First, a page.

Unwanted Guantánamo Prisoners
Portugal Open to Accepting Detainees
A new overture from Portugal may break an impasse over so-called "hard cases" at Guantánamo Bay. The US has long asked EU governments to resettle some detainees -- and now Portugal's willingness to cooperate may soften the rest of Europe. But Barack Obama will have to cooperate, too.
Portugal's foreign minister says "the time has come" for European Union governments to help resettle prisoners from the American detention center at Guantánamo Bay, a move that could help the US close the facility after President-elect Barack Obama takes office next year.
"The time has come for the European Union to step forward," Luís Amado wrote in a letter to other EU member states made public on Thursday. "As a matter of principle and coherence, we should send a clear signal of our willingness to help the US government in that regard, namely through the resettlement of detainees. As far as the Portuguese government is concerned, we will be available to participate."
The Guantánamo facility in Cuba currently holds around 250 detainees. Their uncertain status as "enemy combatants" -- not formal prisoners of war or even, necessarily, suspects facing criminal charges -- has been a self-created legal problem for the US.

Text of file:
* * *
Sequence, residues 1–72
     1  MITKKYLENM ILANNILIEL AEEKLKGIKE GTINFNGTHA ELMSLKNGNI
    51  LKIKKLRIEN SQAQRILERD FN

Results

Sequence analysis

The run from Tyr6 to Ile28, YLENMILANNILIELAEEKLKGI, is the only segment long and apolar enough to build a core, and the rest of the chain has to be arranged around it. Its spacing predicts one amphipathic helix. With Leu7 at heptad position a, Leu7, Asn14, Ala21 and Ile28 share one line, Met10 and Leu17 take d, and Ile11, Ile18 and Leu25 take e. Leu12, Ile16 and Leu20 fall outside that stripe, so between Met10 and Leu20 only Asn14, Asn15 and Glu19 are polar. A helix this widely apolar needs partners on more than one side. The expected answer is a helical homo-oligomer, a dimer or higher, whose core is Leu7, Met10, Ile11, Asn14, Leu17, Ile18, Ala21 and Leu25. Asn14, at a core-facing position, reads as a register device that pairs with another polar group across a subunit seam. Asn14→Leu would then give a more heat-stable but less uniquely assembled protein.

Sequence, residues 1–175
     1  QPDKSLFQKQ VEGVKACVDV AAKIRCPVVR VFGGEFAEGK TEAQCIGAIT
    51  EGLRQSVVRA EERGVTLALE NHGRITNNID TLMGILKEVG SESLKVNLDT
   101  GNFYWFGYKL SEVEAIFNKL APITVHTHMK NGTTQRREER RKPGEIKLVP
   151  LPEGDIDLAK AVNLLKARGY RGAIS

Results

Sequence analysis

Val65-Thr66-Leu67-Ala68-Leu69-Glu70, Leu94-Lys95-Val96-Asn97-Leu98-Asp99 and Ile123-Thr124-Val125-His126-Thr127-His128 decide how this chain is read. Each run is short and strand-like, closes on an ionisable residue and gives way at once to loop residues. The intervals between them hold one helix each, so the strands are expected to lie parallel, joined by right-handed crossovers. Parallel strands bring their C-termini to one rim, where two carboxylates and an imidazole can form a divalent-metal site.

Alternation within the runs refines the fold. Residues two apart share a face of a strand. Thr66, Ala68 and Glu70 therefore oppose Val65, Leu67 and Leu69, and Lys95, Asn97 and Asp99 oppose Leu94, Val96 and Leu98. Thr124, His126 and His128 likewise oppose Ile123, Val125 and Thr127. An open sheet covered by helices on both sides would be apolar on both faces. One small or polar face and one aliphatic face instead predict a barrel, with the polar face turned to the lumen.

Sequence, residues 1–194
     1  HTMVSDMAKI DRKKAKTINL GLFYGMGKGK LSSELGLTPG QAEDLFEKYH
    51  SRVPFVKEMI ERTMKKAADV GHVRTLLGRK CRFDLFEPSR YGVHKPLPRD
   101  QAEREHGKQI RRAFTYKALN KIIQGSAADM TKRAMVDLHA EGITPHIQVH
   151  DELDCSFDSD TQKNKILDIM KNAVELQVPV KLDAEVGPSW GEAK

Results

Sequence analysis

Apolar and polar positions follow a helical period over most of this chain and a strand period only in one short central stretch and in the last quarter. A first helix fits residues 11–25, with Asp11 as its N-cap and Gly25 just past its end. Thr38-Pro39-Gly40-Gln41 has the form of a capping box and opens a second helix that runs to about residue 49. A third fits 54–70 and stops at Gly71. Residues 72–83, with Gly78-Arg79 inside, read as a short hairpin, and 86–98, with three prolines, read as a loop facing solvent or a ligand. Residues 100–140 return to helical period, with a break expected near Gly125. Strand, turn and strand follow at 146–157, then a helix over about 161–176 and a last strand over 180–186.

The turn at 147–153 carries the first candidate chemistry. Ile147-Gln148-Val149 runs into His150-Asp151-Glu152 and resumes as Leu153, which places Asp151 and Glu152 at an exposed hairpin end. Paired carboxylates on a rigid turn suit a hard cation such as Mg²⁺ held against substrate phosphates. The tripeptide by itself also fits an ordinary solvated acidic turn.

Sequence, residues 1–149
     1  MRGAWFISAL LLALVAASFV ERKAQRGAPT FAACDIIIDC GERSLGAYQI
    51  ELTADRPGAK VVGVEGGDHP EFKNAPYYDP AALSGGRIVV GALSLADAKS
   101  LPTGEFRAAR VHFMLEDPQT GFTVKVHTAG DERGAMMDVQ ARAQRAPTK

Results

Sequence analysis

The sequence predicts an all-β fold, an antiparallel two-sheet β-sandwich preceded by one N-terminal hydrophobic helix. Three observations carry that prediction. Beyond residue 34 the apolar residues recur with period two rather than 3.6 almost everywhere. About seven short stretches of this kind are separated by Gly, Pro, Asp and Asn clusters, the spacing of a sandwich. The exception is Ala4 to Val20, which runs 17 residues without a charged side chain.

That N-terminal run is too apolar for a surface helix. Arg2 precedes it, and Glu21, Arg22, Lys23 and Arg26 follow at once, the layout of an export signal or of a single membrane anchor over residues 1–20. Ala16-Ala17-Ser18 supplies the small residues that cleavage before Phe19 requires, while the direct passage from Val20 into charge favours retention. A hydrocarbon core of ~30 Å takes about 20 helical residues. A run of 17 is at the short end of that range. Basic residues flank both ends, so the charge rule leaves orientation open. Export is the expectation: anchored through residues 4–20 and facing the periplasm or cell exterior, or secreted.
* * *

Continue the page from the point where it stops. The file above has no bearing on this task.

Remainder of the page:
American officials say that many of the 60 or so prisoners now cleared for release at Guantánamo have a reasonable fear of persecution or torture in their home nations -- including Algeria, China, Libya and Uzbekistan. US Secretary of State Condoleezza Rice asked Portugal for help in relocating some of these prisoners last year, when Portugal held the rotating presidency of the European Union.
But so far no one has stepped forward. European leaders, including German Chancellor Angela Merkel, among others, have called for Guantánamo to close, but no one has offered to resettle any of the so-called "hard cases." A legal adviser for the US State Department, John B. Bellinger III, told the New York Times that the Portuguese letter was a "major milestone in our efforts to secure help from the international community."
Human-rights organizations have called on European governments to help. "For years the US has been unable to convince its European allies to accept Guantánamo detainees who cannot be sent back home," said Jennifer Daskal, a counterterrorism legal expert at Human Rights Watch. "For the first time an EU government is publicly pushing to make that happen and others should echo Portugal's call."
But she said a breakthrough would come only with cooperation from a new president in the White House, who would have to show that the US can also absorb the potentially dangerous prisoners. President-elect Obama has promised to close Guantánamo but hasn't offered a detailed plan. He's said some of the detainees -- though not all -- can be prosecuted in American courts.
So far there has been no US response to the Portuguese overture. Some US officials have opposed resettlement on American soil.
However, Daskal said, "The new Obama administration is going to have to jump-start this by accepting some of the detainees."